There are a million ways you can go about screwing up your lower back. Deadlift? Yep. Performing the wrong core exercises? Yep. Bending over the wrong way? You bet! Your lower back is one of the most vulnerable areas in your lower body and injuring it will have an effect on everything you do. Want to golf? Well too bad because your back will ruin your stroke. Want to sit around and pout about your back? Good because that’s the only thing you’ll be able to do.
The point is that you need to take care of your lower back. There is not a movement you perform that doesn’t involve your spine in some way, shape, or form. If you have managed to mess up your back recently, fear not because we are going to help get you on the mend. If your back is not currently out of commission then congratulations! Still read on however, and discover how our 5 step process can keep you keep you strong and mobile.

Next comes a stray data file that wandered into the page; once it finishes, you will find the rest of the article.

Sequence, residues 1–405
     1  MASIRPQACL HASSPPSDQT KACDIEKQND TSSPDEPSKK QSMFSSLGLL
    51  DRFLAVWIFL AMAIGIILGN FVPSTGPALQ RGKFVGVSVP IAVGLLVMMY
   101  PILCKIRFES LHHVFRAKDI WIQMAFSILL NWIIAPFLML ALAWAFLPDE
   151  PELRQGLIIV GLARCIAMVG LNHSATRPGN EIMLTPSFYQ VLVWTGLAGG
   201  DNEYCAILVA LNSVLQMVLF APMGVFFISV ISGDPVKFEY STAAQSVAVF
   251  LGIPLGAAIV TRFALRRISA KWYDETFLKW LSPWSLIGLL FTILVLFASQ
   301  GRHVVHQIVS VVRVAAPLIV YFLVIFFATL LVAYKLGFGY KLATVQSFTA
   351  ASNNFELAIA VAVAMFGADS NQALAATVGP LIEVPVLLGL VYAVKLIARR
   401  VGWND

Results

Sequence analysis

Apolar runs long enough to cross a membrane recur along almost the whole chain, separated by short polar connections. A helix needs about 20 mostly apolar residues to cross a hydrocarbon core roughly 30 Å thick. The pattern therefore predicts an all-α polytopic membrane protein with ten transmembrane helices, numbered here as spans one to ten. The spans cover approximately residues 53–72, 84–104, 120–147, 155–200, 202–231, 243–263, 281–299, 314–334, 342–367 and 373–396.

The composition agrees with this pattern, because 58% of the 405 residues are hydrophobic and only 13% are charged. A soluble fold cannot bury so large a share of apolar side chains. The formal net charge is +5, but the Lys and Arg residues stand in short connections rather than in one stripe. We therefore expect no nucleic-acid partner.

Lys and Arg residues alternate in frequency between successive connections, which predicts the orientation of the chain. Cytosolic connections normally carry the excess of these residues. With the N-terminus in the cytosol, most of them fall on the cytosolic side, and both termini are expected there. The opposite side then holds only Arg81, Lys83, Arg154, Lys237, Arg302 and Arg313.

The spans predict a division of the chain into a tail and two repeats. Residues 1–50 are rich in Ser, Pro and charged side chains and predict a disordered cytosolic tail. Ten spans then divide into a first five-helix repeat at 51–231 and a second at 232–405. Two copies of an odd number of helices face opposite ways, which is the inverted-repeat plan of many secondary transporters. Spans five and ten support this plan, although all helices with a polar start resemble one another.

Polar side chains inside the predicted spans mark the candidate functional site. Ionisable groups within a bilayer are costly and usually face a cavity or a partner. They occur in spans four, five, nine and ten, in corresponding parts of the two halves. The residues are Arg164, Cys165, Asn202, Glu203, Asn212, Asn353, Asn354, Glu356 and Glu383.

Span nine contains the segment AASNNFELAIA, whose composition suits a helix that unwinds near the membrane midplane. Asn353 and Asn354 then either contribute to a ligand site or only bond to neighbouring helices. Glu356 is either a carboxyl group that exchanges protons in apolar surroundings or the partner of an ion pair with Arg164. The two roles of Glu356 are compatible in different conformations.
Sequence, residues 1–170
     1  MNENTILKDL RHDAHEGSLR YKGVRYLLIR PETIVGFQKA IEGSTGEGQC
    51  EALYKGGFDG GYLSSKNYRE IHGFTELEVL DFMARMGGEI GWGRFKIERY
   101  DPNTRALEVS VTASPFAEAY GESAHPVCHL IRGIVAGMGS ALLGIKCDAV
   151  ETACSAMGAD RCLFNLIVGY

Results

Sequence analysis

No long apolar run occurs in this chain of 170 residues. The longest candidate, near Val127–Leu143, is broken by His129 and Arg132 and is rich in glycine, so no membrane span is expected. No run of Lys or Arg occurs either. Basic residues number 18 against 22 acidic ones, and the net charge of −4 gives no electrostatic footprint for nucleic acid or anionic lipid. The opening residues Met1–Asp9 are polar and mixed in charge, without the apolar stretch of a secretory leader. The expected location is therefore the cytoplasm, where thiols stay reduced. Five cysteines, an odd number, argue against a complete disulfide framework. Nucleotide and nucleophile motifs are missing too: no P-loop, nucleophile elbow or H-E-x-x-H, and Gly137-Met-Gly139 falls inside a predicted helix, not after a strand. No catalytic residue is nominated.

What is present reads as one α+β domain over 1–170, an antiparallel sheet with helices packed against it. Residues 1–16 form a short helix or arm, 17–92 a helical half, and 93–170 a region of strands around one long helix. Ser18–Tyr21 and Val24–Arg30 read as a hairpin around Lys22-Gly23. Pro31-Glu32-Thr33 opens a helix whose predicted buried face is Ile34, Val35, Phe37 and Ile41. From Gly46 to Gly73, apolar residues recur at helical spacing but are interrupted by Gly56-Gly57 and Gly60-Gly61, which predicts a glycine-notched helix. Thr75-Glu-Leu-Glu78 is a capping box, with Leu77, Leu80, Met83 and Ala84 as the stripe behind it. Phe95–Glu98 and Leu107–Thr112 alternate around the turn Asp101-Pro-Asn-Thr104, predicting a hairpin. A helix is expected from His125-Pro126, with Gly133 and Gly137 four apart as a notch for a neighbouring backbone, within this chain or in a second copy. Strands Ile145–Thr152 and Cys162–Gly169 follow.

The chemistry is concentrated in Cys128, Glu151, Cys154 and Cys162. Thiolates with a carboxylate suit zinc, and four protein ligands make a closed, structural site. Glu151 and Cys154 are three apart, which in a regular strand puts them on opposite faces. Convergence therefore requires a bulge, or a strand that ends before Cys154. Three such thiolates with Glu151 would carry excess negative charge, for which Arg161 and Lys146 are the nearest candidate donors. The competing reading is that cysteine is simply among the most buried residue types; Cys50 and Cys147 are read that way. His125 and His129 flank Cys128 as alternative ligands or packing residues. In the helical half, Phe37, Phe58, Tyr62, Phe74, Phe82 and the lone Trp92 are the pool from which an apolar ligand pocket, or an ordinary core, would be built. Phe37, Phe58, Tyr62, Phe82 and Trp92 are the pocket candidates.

Step 1: Examine Your Training Program
Are you currently deadlifting? If not you better start. The deadlift is a great way to strengthen every muscle in your body, including your lower back. It is the premier hip hinge movement and should be featured in your program. A lifting program without the deadlift is like the Justice League without a Superman. Sure it’s still watchable, but we want someone/something to bring the house down.